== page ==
>>> I assume that most plates need extensive retouch work before printing
>>
>>
>>Not true, if you're doing the job right. Having the proper density range in
>>a positive is can solve 75% of problems in the outcome of a successful
>>photogravure print. So, ideally, there is no retouching needed in the
>>finished plate. Of course, the etching in multiple baths and determining the
>>time in each is also a deciding component in whether one has to do any
>>retouching to the plate. But with the proper positive and a set regimen of
>>times, temps and baths for etching, no retouching should be necessary.
>>
>>This is not the case with what is known as "direct gravure" where one uses a
>>drawing or painting on frosted Mylar or grained glass. If the highlights of
>>the image are close to the base density of the Mylar or other substrate,
>>then retouching in the form of selective polishing will be necessary. But a
>>photo should come out looking just the way you want it from sink to the
>>press.
>>
>>The biggest problem with Autotype that I have found is accurate control over
>>the final stages of etching the highlights. It can be quite unpredictable in
>>the lower baths of 40 and 39 baume. This was not the case with McGraw
>>Colorgraph or Hansfstengl tissue.
>>
>>
>>
>>I don't think the differences in having tissues with varying characteristics
>>would be much of a problem with most folks doing gravure. As with any
>>Alt.Photo process, you break out the Stouffer scale and do a bit of
>>homework. It would be worth it in the end to have some choices for different
>>applications. I use G25 tissue sensitized in a 5% dichromate for screened,
>>halftone and line/type work. For con-tone grain aquatint applications I
>>switch to G35 sensitized in a 3.5% dichromate solution. There are different
>>exposure times, etching times and even single bath (line and type work) as
>>opposed to multiple baths (45 to 38 baume, 6 baths) for con-tone aquatints.
>>It's all relative...
>>
>>
>>
>>Something else I failed to mention for those gravurists plagued by "devils":
>>
>>During sensitization of the tissue, minute amounts of material will dissolve
>>from the surface of the gelatin and become suspended in the sensitizing
>>solution. This becomes evident after repeated usage by the discoloration
>>(turning brown) and sediment at the bottom of the container of dichromate.
>>This particulate matter can be carried over when ferrotyping and become
>>embedded in the surface of the carbon tissue, resulting in minute holes when
>>developing which in turn become "devils" while etching.
>>
>>So always filter your dichromate after usage. A drip coffee filter in the
>>funnel works quite well.
>>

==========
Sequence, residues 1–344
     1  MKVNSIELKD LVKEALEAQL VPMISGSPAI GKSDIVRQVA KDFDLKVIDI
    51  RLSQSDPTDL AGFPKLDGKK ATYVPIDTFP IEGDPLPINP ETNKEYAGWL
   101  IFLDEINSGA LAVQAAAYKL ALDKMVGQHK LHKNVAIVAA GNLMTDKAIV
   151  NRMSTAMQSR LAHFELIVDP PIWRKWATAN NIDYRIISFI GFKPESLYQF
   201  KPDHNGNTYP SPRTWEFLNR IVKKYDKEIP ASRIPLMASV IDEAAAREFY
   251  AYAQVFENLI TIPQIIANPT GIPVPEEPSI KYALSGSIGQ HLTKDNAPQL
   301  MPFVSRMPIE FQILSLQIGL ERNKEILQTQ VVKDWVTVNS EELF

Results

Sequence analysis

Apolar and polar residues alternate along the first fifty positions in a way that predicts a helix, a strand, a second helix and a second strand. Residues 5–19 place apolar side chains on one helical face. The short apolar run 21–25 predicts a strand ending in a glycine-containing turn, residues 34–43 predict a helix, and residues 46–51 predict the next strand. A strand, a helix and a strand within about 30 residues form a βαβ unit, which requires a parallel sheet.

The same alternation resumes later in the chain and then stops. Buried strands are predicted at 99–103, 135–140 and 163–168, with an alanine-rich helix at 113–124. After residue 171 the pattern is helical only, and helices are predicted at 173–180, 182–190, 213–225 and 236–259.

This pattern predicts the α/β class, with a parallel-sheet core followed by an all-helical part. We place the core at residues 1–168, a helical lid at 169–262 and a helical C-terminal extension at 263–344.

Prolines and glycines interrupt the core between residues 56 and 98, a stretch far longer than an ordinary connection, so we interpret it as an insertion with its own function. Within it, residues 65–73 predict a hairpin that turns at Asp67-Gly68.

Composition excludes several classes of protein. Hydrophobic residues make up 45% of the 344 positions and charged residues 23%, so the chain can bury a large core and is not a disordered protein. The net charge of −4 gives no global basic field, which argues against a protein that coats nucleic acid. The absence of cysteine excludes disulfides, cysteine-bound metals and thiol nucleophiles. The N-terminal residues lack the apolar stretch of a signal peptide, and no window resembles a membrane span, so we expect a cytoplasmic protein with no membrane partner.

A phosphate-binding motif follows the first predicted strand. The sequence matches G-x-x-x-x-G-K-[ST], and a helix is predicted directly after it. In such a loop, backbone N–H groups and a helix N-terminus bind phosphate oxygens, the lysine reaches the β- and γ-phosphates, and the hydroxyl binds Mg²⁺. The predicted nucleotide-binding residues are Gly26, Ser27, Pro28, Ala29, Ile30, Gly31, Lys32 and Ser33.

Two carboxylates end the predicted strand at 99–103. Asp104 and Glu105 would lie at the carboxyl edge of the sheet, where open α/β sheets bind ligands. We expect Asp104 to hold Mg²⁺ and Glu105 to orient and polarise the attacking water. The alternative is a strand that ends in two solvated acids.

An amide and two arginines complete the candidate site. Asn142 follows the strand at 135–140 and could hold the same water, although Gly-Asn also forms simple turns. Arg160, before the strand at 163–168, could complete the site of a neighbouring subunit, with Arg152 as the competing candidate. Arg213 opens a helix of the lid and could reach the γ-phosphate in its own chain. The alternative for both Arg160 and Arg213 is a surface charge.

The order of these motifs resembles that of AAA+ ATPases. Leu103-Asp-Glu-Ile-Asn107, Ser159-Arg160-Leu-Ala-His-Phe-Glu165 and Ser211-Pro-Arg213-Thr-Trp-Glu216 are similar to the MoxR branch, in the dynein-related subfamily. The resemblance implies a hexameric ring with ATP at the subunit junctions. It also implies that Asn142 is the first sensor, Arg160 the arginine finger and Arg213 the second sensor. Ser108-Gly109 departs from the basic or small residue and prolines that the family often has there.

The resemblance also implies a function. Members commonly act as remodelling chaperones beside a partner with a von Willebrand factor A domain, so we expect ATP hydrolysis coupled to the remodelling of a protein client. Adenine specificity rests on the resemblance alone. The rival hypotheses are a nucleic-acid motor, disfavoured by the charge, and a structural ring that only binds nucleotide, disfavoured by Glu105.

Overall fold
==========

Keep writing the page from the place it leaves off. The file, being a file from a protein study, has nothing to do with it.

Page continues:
>>
>>
>>I hope we can get this up to speed. Just the thought that you are
>>entertaining the actual production of a new carbon tissue is enough to keep
>>me awake at night! :)
>>
>>I would love to speak to some colleagues about this and try to glean some
>>further info that could be of benefit for you Richard.
>>
>>Will be in touch shortly with any info I can dig up.
>>
>>My best, Craig Zammiello
>>
>>
>>> At 07:14 AM 3/7/2004, you wrote:
>>> >Richard,
>>> >It's very exciting that you would consider making a carbon tissue for
>>> >gravure usage.
>>> >I don't think you would cut into Auto monopoly to the extent that they
>>would
>>> >cease making their product, as it has a very healthy, if small, consumer
>>> >base in Europe.
>>> >
>>> >The problem that has been brought up about Autotype's tissue, referred to
>>as
>>> >assh*les, is in my opinion, not a fault of Autotype's manufacturing, but
>>> >created during the actual process of making a gravure plate, or to a
>>lesser
>>> >degree, during the sensitizing of the tissue. What people may be seeing
>>> >could be air bells trapped during the ferrotyping of the tissue. Not to
>>be
>>> >confused with trapping air during laydown on the copper which results in
>>> >visual air tracks (bubbles) in the stencil. These actually don't etch,
>>and
>>> >result in white spots on the final print.
>>> >But, trapping small amounts of air during ferrotyping create areas of
>>> >thinner gelatin, especially with Autotype tissue, due to it's low gelatin
>>> >bloom. These thinner areas will etch quicker and finally blow out to form
>>a
>>> >"devil".
>>> >
>>> >The "star" like gunshot wounds to the plate viewed after etching were
>>> >commonly referred to as "devils" in the Rotogravure industry. They are
>>> >almost always prevalent in the shadow areas of the image because those
>>are
>>> >etched the longest and this is where the tissue is thinnest. Also, they
>>are
>>> >more of a problem when doing actual grain gravure due to the uneven
>>surface
>>> >of the plate due to the aquatint resist.
>>> >
>>> >The main reasons they occur are due to: